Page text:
UNDERNEWS

Undernews is the online report of the Progressive Review, edited by Sam Smith, who covered Washington during all or part of one quarter of America's presidencies and edited alternative journals since 1964. The Review has been on the web since 1995. See main page for full contents

June 11, 2009

CONGRESS EVEN HAS WEIRD RULES FOR ITSELF

Erika Lovley, Politico - The complexities of House and Senate procedure are legendary, but the floor isn't the only place at the Capitol where the rules can be a little baffling. Capitol Hill is rife with restrictions - some written, some just universally accepted and some that don't make much sense at all. . .

A book could be written on what staffers can and can't eat at fundraisers - toothpicks, anyone? - but here are some of the other rules that drive staffers to drink:

Thou shalt not buy Kleenex When the swine flu panic hit Washington in April, Congress scrambled to respond, taking special precautions to ensure members didn't become infected.. . . Individual Senate offices couldn't use official funds to buy antibacterial wipes without a special interpretation of spending rules from the Senate rules committee. By the time the ruling came down, a lot of nearby stores were sold out of Lysol, and offices still aren't cleared to purchase other key flu-fighting tools with office funds, according to Senate staffers. "We are still not allowed to buy Kleenexes," said one Senate staffer. . .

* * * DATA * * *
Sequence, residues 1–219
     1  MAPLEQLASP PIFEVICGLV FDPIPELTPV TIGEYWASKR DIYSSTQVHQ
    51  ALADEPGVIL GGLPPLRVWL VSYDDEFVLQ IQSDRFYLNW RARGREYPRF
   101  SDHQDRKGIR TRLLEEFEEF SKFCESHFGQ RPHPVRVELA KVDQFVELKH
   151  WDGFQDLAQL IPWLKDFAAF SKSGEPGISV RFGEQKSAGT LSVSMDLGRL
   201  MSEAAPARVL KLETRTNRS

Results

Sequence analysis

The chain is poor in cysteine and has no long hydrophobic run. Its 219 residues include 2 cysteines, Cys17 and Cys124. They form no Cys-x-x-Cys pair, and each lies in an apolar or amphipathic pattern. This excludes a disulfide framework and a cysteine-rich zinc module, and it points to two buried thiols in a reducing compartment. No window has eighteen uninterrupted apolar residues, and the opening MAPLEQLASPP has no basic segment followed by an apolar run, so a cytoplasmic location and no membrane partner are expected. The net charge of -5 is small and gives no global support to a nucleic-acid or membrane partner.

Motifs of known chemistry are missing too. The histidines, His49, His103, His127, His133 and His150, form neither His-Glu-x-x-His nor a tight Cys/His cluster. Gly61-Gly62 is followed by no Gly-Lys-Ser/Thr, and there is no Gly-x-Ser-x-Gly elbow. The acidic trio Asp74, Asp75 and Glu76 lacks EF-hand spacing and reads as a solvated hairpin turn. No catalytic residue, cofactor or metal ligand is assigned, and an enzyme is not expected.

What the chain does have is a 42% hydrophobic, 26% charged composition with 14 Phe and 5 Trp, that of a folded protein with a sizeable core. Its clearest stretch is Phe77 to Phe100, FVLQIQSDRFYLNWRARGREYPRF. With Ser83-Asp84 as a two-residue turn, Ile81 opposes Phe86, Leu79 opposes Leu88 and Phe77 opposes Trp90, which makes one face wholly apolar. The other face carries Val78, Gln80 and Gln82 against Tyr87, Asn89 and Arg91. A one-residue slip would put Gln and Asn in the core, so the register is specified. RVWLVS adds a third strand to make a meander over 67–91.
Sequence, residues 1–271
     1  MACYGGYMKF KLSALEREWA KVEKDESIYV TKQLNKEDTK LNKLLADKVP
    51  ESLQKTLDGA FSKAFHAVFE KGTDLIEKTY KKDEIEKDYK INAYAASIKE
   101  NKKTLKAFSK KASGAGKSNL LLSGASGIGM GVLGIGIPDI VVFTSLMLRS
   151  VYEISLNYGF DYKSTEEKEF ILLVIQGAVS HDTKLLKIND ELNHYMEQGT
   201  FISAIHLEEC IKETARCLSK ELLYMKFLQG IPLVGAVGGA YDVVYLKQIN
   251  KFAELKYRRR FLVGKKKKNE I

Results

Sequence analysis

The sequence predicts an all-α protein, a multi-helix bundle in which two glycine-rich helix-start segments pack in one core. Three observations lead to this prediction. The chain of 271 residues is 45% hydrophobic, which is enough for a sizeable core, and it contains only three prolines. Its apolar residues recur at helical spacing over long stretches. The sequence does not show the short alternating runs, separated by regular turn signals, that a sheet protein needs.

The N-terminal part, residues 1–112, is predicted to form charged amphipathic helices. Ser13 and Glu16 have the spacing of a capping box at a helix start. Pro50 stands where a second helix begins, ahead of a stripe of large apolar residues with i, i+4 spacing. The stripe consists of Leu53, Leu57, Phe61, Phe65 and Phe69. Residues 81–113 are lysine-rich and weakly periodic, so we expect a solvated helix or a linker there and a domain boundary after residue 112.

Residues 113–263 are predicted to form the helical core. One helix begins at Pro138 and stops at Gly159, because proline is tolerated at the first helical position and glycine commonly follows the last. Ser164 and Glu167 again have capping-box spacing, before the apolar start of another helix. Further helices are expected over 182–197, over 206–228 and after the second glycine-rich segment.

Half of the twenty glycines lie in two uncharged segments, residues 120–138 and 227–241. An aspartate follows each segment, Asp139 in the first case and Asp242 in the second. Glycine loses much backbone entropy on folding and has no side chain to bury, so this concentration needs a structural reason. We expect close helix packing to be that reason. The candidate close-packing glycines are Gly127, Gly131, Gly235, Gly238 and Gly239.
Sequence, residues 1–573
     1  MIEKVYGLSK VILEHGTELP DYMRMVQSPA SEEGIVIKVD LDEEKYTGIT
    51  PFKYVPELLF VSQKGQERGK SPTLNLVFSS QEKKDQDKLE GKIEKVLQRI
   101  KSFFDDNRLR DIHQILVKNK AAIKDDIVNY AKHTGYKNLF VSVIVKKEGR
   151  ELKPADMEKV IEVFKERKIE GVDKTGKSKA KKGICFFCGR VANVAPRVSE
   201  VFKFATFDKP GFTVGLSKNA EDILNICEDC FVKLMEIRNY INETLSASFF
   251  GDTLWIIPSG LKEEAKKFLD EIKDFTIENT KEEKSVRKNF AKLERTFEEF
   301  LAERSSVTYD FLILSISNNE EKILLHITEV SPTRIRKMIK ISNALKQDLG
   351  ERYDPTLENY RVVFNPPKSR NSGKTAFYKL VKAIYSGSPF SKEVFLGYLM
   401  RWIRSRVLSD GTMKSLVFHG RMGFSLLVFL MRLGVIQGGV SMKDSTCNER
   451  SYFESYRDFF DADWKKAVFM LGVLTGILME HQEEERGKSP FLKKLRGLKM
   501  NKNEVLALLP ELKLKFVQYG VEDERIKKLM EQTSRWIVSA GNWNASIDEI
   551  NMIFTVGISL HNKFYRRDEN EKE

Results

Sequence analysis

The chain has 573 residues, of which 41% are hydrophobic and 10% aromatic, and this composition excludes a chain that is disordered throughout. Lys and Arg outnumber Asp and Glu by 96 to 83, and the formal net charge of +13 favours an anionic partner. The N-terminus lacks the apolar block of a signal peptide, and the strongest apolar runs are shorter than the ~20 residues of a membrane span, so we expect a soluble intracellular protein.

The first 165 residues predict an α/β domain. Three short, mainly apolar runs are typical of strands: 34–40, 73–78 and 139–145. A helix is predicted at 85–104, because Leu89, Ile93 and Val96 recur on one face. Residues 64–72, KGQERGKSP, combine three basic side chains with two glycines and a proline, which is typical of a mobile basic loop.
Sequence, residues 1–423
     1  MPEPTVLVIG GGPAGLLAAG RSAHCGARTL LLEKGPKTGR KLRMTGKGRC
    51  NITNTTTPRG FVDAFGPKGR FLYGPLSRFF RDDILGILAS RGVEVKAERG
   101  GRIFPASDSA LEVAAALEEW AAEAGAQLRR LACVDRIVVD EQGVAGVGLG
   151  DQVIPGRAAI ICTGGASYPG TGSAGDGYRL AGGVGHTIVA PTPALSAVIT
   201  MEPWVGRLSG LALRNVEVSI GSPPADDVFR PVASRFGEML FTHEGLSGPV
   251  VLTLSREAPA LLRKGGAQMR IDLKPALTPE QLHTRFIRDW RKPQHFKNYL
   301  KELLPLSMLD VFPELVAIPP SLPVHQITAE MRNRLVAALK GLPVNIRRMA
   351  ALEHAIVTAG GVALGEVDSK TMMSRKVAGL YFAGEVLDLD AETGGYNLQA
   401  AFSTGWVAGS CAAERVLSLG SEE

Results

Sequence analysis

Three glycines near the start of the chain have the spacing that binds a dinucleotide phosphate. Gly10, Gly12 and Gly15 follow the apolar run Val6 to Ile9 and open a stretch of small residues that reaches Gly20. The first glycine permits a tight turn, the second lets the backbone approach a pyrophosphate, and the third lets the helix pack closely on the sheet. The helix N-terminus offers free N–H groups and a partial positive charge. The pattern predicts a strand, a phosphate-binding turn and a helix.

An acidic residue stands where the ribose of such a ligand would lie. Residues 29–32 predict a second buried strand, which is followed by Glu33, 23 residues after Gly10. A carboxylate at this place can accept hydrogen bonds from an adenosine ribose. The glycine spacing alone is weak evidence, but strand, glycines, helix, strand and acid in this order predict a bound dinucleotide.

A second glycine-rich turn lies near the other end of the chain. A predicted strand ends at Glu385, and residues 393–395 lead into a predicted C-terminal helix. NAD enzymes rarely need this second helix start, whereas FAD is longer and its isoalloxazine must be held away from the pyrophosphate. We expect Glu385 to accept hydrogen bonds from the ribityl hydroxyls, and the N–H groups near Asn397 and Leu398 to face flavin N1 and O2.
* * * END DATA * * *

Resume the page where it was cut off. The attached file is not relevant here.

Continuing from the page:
Thou shalt not drink on the floor. Coffee and food aren't allowed on the Senate floor; there aren't supposed to be any BlackBerrys, either. But since 1966, senators have been allowed to drink milk as they deliver their speeches. . .

Thou shalt not divulge e-mail addresses This one varies by office. While some offices will give callers e-mail addresses for staffers - especially press secretaries - some flat-out refuse, and others give not-so-subtle hints. . .

Thou shalt not accept a ring in haste Odd regulations can affect private life off the Hill - even staffer engagements. "The first ethics briefing I went to, they actually said to be sure to say yes when someone asks to marry you before you accept the ring. Then [your fiance] is family, and you won't have to worry about getting approval to accept a gift over $250," said one House staffer. . .

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